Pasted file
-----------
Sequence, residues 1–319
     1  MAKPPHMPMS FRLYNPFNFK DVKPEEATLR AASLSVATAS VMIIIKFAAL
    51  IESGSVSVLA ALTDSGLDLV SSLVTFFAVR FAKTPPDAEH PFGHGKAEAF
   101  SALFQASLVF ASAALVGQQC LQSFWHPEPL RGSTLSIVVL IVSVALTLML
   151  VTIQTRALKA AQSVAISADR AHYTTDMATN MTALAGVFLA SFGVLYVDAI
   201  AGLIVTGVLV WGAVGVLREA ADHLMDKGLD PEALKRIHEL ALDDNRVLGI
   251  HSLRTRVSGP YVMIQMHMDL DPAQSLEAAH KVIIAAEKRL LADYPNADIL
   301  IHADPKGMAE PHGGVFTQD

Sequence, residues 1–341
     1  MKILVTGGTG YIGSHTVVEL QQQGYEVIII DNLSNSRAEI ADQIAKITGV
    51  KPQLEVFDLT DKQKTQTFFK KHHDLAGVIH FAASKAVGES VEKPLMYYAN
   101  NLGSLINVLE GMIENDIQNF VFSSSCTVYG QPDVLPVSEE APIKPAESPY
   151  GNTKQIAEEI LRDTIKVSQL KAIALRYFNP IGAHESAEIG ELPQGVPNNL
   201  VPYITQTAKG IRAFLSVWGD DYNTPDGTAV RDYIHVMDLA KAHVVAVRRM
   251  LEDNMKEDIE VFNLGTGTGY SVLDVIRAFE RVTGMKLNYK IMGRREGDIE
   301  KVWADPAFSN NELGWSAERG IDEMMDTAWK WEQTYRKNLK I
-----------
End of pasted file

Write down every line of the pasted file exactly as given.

Sequence, residues 1–319
     1  MAKPPHMPMS FRLYNPFNFK DVKPEEATLR AASLSVATAS VMIIIKFAAL
    51  IESGSVSVLA ALTDSGLDLV SSLVTFFAVR FAKTPPDAEH PFGHGKAEAF
   101  SALFQASLVF ASAALVGQQC LQSFWHPEPL RGSTLSIVVL IVSVALTLML
   151  VTIQTRALKA AQSVAISADR AHYTTDMATN MTALAGVFLA SFGVLYVDAI
   201  AGLIVTGVLV WGAVGVLREA ADHLMDKGLD PEALKRIHEL ALDDNRVLGI
   251  HSLRTRVSGP YVMIQMHMDL DPAQSLEAAH KVIIAAEKRL LADYPNADIL
   301  IHADPKGMAE PHGGVFTQD

Sequence, residues 1–341
     1  MKILVTGGTG YIGSHTVVEL QQQGYEVIII DNLSNSRAEI ADQIAKITGV
    51  KPQLEVFDLT DKQKTQTFFK KHHDLAGVIH FAASKAVGES VEKPLMYYAN
   101  NLGSLINVLE GMIENDIQNF VFSSSCTVYG QPDVLPVSEE APIKPAESPY
   151  GNTKQIAEEI LRDTIKVSQL KAIALRYFNP IGAHESAEIG ELPQGVPNNL
   201  VPYITQTAKG IRAFLSVWGD DYNTPDGTAV RDYIHVMDLA KAHVVAVRRM
   251  LEDNMKEDIE VFNLGTGTGY SVLDVIRAFE RVTGMKLNYK IMGRREGDIE
   301  KVWADPAFSN NELGWSAERG IDEMMDTAWK WEQTYRKNLK I